When we invest, we're generally looking for stocks that outperform the market average. And in our experience, buying the right stocks can give your wealth a significant boost. For example, the Stora Enso Oyj (HEL:STERV) share price is up 48% in the last 5 years, clearly besting than the market return of around 24% (ignoring dividends).
While the efficient markets hypothesis continues to be taught by some, it has been proven that markets are over-reactive dynamic systems, and investors are not always rational. One imperfect but simple way to consider how the market perception of a company has shifted is to compare the change in the earnings per share (EPS) with the share price movement.
During five years of share price growth, Stora Enso Oyj achieved compound earnings per share (EPS) growth of 78% per year. This EPS growth is higher than the 8.2% average annual increase in the share price. So it seems the market isn't so enthusiastic about the stock these days. This cautious sentiment is reflected in its (fairly low) P/E ratio of 9.40.
You can see how EPS has changed over time in the image below (click on the chart to see the exact values).
It might be well worthwhile taking a look at our free report on Stora Enso Oyj's earnings, revenue and cash flow.
What About Dividends?
When looking at investment returns, it is important to consider the difference between total shareholder return (TSR) and share price return. The TSR is a return calculation that accounts for the value of cash dividends (assuming that any dividend received was reinvested) and the calculated value of any discounted capital raisings and spin-offs. So for companies that pay a generous dividend, the TSR is often a lot higher than the share price return. In the case of Stora Enso Oyj, it has a TSR of 77% for the last 5 years. That exceeds its share price return that we previously mentioned. This is largely a result of its dividend payments!
A Different Perspective
We regret to report that Stora Enso Oyj shareholders are down 29% for the year (even including dividends). Unfortunately, that's worse than the broader market decline of 0.7%. However, it could simply be that the share price has been impacted by broader market jitters. It might be worth keeping an eye on the fundamentals, in case there's a good opportunity. Longer term investors wouldn't be so upset, since they would have made 12%, each year, over five years. It could be that the recent sell-off is an opportunity, so it may be worth checking the fundamental data for signs of a long term growth trend. Importantly, we haven't analysed Stora Enso Oyj's dividend history. This free visual report on its dividends is a must-read if you're thinking of buying.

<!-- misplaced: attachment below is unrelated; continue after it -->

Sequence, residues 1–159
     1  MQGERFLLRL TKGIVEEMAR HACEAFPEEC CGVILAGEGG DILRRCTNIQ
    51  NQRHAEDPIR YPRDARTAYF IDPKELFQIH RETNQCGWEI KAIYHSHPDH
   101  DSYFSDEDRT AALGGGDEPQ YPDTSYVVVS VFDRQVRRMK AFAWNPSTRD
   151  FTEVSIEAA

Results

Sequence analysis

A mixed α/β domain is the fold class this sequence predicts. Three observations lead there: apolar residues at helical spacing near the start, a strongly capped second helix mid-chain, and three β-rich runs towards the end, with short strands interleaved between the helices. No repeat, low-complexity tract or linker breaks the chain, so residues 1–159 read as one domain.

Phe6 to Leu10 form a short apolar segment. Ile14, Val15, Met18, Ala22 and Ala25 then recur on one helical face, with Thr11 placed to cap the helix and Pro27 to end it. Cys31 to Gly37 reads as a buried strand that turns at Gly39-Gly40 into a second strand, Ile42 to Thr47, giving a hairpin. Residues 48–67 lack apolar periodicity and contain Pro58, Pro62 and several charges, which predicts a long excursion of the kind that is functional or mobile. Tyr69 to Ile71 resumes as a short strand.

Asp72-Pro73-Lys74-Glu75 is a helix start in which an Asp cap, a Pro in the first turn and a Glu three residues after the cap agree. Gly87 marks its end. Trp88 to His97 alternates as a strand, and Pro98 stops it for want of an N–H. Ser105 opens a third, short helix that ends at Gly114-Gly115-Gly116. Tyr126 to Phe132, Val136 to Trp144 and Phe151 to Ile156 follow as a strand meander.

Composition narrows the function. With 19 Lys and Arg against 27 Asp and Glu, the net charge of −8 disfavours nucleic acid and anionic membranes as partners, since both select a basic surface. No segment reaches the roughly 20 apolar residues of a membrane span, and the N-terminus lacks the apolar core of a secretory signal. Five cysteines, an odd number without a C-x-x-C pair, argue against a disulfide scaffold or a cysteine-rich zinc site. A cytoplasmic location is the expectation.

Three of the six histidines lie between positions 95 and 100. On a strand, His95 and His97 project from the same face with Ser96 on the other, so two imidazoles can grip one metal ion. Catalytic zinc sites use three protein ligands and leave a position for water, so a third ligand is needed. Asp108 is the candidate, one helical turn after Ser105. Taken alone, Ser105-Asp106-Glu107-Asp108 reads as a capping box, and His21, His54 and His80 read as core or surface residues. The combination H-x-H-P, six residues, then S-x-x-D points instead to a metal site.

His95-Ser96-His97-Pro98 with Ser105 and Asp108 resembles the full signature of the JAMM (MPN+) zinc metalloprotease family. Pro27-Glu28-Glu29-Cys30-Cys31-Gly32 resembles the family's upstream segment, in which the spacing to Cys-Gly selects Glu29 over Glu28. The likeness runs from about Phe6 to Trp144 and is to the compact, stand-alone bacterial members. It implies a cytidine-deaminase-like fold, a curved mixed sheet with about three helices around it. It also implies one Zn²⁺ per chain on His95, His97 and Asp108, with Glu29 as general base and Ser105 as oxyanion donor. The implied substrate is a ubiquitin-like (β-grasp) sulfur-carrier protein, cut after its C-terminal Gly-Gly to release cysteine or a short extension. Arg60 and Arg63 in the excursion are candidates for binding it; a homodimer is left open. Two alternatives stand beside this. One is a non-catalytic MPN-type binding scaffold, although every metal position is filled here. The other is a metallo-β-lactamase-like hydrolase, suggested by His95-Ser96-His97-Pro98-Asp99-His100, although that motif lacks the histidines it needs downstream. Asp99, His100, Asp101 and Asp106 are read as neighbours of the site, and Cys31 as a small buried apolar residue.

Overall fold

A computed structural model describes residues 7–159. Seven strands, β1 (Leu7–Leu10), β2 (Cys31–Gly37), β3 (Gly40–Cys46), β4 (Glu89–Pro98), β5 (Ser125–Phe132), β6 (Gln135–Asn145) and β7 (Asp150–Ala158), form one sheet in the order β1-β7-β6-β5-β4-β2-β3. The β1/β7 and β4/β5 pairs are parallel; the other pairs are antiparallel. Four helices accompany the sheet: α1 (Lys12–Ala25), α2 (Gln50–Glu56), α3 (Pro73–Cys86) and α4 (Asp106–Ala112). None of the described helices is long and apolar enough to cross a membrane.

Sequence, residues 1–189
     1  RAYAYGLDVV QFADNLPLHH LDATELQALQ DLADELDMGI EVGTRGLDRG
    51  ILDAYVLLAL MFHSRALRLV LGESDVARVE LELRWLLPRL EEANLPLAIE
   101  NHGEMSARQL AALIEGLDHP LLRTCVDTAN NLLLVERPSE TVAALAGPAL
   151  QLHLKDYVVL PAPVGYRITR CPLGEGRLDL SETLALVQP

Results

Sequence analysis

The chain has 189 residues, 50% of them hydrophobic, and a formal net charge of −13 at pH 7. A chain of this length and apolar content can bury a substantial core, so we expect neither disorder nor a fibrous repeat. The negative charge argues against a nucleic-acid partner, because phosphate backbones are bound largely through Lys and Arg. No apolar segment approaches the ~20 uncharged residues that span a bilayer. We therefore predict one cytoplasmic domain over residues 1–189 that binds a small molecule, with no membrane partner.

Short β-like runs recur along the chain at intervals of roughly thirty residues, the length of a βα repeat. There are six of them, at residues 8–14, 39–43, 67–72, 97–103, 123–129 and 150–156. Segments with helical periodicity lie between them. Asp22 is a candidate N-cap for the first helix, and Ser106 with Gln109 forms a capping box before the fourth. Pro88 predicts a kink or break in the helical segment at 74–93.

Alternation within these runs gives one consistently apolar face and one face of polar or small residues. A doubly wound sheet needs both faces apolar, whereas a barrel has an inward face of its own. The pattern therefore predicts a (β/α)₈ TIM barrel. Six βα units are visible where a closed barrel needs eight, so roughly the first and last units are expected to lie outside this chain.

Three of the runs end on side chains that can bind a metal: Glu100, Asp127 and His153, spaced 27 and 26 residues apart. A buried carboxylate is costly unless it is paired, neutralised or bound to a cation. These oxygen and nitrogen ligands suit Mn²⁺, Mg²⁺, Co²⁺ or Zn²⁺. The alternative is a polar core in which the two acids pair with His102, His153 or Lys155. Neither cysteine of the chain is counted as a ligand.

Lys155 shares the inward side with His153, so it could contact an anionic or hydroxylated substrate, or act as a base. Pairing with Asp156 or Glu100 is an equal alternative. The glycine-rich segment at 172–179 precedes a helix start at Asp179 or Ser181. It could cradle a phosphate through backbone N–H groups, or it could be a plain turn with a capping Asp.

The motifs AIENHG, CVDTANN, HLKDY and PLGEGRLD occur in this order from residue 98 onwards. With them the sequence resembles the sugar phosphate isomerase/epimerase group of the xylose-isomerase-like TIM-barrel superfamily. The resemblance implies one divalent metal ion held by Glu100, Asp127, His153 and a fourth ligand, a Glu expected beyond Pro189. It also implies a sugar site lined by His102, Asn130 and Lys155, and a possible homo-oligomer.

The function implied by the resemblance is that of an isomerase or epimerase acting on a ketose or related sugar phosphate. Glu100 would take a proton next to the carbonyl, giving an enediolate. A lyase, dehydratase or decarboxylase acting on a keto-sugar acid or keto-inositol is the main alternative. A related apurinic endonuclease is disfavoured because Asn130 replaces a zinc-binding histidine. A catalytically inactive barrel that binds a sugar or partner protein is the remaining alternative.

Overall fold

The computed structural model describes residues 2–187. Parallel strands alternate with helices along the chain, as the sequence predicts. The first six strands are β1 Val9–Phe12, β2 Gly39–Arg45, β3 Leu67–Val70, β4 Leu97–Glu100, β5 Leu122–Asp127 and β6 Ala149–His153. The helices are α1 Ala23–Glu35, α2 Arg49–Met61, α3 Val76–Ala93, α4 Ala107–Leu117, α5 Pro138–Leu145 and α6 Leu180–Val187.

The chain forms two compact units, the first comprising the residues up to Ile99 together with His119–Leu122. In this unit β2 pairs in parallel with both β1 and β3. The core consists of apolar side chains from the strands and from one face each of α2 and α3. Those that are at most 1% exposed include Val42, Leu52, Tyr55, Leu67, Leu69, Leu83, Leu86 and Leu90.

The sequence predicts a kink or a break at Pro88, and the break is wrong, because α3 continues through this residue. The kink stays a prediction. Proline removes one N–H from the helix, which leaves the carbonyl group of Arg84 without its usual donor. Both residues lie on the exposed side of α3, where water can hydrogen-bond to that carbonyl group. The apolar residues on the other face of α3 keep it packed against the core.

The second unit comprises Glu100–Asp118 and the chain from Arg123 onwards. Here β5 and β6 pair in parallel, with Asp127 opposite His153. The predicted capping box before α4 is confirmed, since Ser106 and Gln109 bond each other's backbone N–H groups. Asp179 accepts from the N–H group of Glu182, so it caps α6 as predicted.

If you like to buy stocks alongside management, then you might just love this free list of companies. (Hint: insiders have been buying them).
Please note, the market returns quoted in this article reflect the market weighted average returns of stocks that currently trade on FI exchanges.
We aim to bring you long-term focused research analysis driven by fundamental data. Note that our analysis may not factor in the latest price-sensitive company announcements or qualitative material.
If you spot an error that warrants correction, please contact the editor at firstname.lastname@example.org. This article by Simply Wall St is general in nature. It does not constitute a recommendation to buy or sell any stock, and does not take account of your objectives, or your financial situation. Simply Wall St has no position in the stocks mentioned. Thank you for reading.